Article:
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New build - Gigabyte Z390 Master M/B with i9-9900K


Apr 28, 2011
Just finished a new build to replace my old PC from 2014 (Asus Z87 Gryphon):

Fractal Design Define R6 USB-C case
- PSU: Corsair Ax1600i
- Gigabyte Z390 Master motherboard (F6 Bios)
- Intel i9-9900K 9th Gen 8-core CPU
- Corsair AIO H115i Pro RGB water cooler 280mm (Front mounted, Pull config: 2 x Corsair ML140 fans connected to M/B CPU fan header)
- 1x 140mm rear exhaus fan (came with case) connected to M/B FAN_SYS2 header
- 64GB RAM: 4 DIMMs x 16GB Kingston HyperX 2666MHz CL16 (2 x HX426C16FBK2/32 kit).

PCI-E cards:
- PCIe 3.0 x8 via CPU: Nvidia Quadro P2000 5GB graphics card with fan (75W, no additional power needed)
- PCIe 3.0 x4 via CPU: Intel Optane AIC 905P NVMe 960GB (Boot drive C:Win10 ENT + D:VMWARE VMs)
- PCIe 3.0 x4 via PCH: Intel Optane AIC 905P NVMe 960GB (E:Data drive + VMWARE VMs).

- Samsung 970 Pro 1TB M.2 NVMe PCIe 3.0 x 4 (via PCH) (F: data drive)
- Samsung 960 Pro SATA3 2TB on SATA Port 0 (via PCH) (G: for backups)
- Corsair Commander Pro (to monitor & control AIO + PSU)
- Delock 5.25 Mobile Rack for SATA 1 x 2.5 SSD + 1 x 3.5 HDD + (2 x USB 3.0 ports: not connected) on SATA port 1 (via PCH) (for backups)
- Dell 27" UltraSharp U2713H 2560 x 1440 monitor connected to Nvidia Quadro P2000.

- Windows 10 Enterprise 1803 (Host OS)
- Intel NVMe drivers
- Corsair Link software 4.x
- VMWARE Workstation 15.0.2.
- Intel XTU + Prime95 + CystalDIskMarks

- All is at stock speed; no overclocking. Main purpose is VMware workstation running 4-5 VMs (on a very quiet workstation PC)
- PSU fan doesn't run since PSU temps are below 50 degrees celsius (power efficiency is at 93% according to Corsair Link software)
- Corsair H115i Pro runs in Quiet mode (fans at 600 RPM; pump at about 1100 RPM)
- CPU core temps are about 27 degrees celsius at idle Windows running (according to Corsair Link software and also Intel XTU)
- CPU core temps are about 60 degrees celsius with Prime95 (Blend test) with H115i in Quiet mode for 15min; have to swith H115i to Balanced mode (pump at 2100 RPM) after 15min to keep temps from climbing further
- CrystalDiskMarks gives at 4KQ1: 250MB/sec for random reads and 235MB/sec for random writes for the boot drive (Optane 905P AIC).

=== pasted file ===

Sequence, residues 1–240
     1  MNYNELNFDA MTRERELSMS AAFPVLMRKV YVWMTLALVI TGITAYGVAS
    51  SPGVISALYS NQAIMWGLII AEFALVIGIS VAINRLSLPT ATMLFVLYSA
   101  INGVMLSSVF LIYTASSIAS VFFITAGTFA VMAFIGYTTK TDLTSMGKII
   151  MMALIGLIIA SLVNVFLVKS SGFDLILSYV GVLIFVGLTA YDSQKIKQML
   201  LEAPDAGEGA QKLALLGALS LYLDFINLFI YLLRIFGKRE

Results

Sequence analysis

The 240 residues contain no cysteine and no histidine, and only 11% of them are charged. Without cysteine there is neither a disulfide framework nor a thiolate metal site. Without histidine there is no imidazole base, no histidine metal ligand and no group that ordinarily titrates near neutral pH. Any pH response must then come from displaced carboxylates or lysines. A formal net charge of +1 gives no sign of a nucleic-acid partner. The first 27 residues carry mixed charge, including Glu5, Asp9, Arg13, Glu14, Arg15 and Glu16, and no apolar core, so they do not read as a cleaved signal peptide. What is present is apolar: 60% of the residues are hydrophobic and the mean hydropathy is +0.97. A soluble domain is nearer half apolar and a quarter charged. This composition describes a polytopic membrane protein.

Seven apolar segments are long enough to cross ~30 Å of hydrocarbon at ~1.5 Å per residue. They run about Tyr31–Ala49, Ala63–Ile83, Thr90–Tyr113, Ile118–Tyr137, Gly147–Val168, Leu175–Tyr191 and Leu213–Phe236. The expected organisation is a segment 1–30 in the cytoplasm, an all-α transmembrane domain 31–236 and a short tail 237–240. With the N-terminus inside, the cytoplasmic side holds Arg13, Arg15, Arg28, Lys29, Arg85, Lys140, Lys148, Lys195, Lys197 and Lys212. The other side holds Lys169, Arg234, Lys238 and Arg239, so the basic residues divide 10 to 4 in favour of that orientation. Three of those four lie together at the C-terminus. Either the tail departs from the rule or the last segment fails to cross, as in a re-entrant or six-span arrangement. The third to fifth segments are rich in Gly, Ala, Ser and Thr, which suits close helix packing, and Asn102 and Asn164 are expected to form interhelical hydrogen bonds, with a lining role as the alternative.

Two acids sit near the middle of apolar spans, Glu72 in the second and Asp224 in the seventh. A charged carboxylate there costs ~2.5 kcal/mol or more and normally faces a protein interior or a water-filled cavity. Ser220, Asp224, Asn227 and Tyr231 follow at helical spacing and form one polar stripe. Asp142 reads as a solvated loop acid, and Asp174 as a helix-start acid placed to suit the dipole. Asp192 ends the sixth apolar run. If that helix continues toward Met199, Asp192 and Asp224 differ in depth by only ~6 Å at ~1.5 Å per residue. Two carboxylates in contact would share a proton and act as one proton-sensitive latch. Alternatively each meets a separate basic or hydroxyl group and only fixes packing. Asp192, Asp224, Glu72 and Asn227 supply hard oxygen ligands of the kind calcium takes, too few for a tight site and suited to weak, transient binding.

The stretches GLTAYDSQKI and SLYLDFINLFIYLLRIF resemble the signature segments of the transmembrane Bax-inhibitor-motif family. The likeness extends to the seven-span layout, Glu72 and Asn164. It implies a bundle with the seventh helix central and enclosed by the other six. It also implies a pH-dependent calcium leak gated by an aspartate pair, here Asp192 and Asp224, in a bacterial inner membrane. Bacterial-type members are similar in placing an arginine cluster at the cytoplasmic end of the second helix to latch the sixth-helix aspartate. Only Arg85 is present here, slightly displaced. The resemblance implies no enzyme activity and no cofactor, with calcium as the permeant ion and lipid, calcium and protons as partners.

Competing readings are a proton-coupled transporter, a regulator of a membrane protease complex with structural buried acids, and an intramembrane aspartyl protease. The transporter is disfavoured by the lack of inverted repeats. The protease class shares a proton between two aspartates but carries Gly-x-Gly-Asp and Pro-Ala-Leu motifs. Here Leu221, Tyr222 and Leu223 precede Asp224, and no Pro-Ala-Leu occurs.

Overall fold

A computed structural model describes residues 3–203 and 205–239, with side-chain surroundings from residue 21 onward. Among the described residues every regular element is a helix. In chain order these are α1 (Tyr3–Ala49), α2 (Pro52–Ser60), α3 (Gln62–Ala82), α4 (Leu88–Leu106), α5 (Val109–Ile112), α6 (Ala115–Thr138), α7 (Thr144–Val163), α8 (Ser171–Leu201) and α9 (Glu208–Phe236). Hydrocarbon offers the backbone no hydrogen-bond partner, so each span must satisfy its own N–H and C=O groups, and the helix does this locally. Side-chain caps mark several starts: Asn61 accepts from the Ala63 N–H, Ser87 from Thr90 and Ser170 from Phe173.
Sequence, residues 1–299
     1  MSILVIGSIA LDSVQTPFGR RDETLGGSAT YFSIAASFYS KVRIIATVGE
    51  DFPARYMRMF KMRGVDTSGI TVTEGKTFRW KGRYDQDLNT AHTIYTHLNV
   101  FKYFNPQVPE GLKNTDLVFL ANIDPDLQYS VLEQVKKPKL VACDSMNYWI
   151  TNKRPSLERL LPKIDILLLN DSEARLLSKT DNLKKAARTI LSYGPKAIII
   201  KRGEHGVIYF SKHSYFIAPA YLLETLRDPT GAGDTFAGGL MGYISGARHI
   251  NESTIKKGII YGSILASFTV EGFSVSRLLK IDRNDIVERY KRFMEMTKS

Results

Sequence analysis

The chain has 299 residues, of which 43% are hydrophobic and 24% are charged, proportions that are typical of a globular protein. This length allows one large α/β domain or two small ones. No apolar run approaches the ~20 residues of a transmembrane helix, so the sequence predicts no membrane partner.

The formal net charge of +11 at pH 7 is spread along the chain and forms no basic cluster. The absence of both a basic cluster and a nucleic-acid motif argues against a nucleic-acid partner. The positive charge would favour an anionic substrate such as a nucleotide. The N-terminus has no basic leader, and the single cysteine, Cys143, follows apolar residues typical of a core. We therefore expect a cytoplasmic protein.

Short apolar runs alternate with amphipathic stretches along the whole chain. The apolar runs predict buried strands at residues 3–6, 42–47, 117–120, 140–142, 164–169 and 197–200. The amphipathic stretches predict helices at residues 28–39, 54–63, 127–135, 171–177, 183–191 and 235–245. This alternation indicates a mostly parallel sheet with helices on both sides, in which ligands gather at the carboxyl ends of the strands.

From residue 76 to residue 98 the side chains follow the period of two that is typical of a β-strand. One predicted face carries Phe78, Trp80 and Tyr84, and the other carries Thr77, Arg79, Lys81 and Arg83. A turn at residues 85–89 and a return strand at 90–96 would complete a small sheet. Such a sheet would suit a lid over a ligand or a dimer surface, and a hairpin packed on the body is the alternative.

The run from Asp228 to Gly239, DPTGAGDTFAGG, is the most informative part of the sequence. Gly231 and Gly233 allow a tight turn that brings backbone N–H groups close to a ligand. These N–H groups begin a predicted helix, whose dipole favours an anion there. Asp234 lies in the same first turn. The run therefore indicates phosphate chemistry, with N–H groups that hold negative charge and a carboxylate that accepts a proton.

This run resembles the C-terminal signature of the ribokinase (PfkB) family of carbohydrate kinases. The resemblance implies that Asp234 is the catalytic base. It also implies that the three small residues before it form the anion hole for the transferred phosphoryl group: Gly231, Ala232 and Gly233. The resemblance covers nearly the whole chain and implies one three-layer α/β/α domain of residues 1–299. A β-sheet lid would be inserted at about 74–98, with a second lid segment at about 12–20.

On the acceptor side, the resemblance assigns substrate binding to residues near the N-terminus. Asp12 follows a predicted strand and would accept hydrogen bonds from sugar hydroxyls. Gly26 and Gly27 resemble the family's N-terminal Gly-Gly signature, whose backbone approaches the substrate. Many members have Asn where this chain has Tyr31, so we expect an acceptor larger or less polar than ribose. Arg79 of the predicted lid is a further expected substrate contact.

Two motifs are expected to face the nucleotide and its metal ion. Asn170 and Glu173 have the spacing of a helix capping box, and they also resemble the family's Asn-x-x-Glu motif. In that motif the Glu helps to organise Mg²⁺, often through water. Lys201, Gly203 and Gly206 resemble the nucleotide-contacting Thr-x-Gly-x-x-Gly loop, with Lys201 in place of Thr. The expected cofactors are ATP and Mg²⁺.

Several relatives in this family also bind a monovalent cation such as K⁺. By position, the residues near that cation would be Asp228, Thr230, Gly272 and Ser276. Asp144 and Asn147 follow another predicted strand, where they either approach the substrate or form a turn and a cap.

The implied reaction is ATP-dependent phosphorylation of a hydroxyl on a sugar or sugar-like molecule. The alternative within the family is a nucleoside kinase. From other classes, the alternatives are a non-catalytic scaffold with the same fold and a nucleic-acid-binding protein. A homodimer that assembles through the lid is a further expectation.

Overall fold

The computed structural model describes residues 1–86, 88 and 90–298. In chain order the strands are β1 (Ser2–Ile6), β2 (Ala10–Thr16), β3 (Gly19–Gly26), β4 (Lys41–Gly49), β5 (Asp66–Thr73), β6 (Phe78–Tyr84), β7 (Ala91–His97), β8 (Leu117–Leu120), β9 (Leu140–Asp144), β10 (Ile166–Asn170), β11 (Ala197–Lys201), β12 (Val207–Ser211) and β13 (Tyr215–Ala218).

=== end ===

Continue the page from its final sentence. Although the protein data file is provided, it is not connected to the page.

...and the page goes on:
Future improvements:
- Rear 140mm case fan is audible; hope to replace with Noctua or Be Quiet Silent Wings 3
- on bare-metal host in Device Manager: Intel NVMe driver is shown under Disk Controllers; but under Disk Drives, the old Microsoft ACHI driver from 2006 is still shown for both Optane drives? Don't know if this is normal?
- Have maybe to connect all fans to Corsair Commander Pro to have better control and even less fan noise from rear case fan
- VMWARE NVMe driver for VMs is still slower than the SAS driver (still not fixed by VMWARE)
- Is Corsair iCUE software better than LINK?

Hope above is helpful to someone.



Senior member
Jan 31, 2004
Pretty awesome build.

Regarding rear fan, you may be able to quiet it down with the motherboard controls if you haven't tried that already. I have a Meshify C and the rear fan can be controlled down to only a few hundred RPM using the mobo header (Asrock B450 Mini-ITX, so nothing too fancy). It will also spin up and down based on the internal temps. I imagine you can do something similar.



Apr 28, 2011
Thanks AG!

Yes, the rear case fan is indeed connected to one of the mobo headers and can be controlled via the Bios (Q-Fan) based on temps. I have to test some more to see how well the custom profiles work. Finally I could also connect the fan to the Corsair Commander Pro, which supposedly gives total control over fans; also something I have to try.

So for the moment, I don't intend to replace the rear case fan, except as a last resort, in case above mentioned remedies would fail. Fan noise is also something subjective, so time will tell.



Platinum Member
Dec 29, 2005
I'm also planning 64GB to use as my Docker workstation, gaming, and fiddling with Unity game/VR development.

In general did you choose the 1600W power supply just because it's a large one or did you do a calculation for it? I read an article that said you want to be at about 50% of your PC's needs, for example my part picker list might say 500W and I should get a 1000W supply then (?).


Apr 28, 2011
I didn't do any calculations. I wanted a PSU with a zero-rpm fan below 300watts consumption, i.e. completely silent.

Furthermore the fan of the ax1600i can be controlled via software ( you can setup different profiles). As an added bonus the power efficiency is around 93%.
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